The start of the year found me in Portland, Oregon, planning the celebration of life in the wake of my mother's passing in December, 2014. Thankfully, Heidi came out and helped me finish packing up mom's apartment, and offering moral support. My best friend from high school, Carl Robertson, also helped immensely. His sense of humor is priceless, like his devotion to his family and friends.

By March, I was helping review signage for exhibits at the newly-opened Missoula Insectarium in Montana, USA. My friends Jen and Glenn Marangelo have worked incredibly long and hard to see this facility come to fruition, and they still have a long road ahead to build the butterfly house of their dreams. Please support them in any way you can.

I was also approached by Tender Corporation to contribute blog posts to the Insectlopedia website. This has been challenging but rewarding, and my editors, Emily Snayd and Kristin Hathaway, have been an absolute joy to work with. It looks like we will have another go at it in 2016.

This year I started remembering to take videos of insect and spider behavior, too, and this is a trend that I expect will continue as opportunities present themselves. I am going to need a bigger computer, though, as movie files take a lot of megabytes!

Another goal this year was to introduce more generic posts addressing how entomologists and the public can interact more constructively; and clarifying general principles such as the myth of "good" bugs and "bad" bugs. These posts began in June, 2015, and I hope to continue them.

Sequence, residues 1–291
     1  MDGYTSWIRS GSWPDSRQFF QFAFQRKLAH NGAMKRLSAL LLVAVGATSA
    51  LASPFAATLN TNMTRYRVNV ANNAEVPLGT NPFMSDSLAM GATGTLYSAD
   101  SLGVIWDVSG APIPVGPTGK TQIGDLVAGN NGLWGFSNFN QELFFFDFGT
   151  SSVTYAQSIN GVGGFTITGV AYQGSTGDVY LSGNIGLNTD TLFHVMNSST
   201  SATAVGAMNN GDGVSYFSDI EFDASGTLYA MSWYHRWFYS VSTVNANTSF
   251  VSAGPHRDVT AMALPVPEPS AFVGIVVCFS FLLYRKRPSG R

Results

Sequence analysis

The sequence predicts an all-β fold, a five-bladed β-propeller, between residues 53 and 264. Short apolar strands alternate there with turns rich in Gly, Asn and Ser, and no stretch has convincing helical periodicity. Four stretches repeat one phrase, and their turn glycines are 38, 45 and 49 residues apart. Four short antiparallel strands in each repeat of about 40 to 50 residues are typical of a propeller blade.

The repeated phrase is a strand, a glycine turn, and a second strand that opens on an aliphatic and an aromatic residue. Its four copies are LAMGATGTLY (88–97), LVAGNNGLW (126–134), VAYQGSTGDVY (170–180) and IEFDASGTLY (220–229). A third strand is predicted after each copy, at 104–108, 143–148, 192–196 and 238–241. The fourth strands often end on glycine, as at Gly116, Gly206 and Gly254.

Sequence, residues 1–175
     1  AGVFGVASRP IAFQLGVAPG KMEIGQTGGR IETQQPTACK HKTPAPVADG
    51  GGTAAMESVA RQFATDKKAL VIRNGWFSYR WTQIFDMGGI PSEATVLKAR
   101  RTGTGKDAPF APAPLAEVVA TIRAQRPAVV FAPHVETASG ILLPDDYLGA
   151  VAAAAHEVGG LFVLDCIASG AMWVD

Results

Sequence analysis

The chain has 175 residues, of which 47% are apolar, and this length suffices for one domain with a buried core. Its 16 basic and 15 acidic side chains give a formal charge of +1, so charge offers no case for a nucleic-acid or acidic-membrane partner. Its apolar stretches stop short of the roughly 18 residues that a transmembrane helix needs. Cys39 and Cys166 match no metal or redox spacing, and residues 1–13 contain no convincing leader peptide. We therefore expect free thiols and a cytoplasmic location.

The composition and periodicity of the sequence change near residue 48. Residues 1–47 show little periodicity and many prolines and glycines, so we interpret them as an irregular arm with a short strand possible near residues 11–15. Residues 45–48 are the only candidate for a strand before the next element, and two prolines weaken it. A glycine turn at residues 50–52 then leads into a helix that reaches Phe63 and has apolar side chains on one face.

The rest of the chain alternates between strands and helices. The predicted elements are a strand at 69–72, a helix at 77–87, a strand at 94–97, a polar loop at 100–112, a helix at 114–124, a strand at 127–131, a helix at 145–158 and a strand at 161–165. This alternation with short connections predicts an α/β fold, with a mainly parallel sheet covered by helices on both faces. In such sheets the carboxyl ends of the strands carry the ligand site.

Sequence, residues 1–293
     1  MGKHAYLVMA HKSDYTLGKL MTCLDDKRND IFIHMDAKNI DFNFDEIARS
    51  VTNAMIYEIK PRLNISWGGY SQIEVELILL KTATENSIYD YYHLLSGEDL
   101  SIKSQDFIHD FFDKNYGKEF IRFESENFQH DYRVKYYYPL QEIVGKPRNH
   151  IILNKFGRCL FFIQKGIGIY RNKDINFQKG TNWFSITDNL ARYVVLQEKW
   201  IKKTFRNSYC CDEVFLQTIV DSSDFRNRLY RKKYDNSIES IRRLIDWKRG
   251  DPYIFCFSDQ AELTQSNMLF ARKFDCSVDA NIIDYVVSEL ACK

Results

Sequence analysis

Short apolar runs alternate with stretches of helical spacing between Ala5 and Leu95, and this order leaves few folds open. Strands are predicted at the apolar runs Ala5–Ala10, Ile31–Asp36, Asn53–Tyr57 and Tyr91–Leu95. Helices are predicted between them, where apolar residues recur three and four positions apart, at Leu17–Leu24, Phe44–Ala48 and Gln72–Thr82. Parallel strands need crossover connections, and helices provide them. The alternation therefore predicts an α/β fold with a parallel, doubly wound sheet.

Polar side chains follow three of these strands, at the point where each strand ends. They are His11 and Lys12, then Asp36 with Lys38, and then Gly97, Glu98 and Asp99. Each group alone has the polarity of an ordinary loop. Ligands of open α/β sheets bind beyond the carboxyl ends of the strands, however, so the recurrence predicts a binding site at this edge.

Year 2015 also saw more discoveries of "new" local insect species. For the second year in a row I scored a state record for a dragonfly species. This year it was a Red Rock Skimmer at Cheyenne Mountain State Park. I also collected a foreign rove beetle that turned out to be a state record. Most astoundingly, I documented in photos and videos the arrival of the Pipe Organ Mud Dauber in Colorado. At least I am pretty sure it is new to the state. I have more research to do to clarify that finding.

Perhaps my biggest failure of the year was our effort to document the mass emergence of Brood IV periodical cicadas. Heavy rains prior to our visit to northeast Kansas and adjacent Missouri delayed the spectacle until a week after we returned home. At least we got to see Heidi's parents, and visit our dear friend Shelly Cox.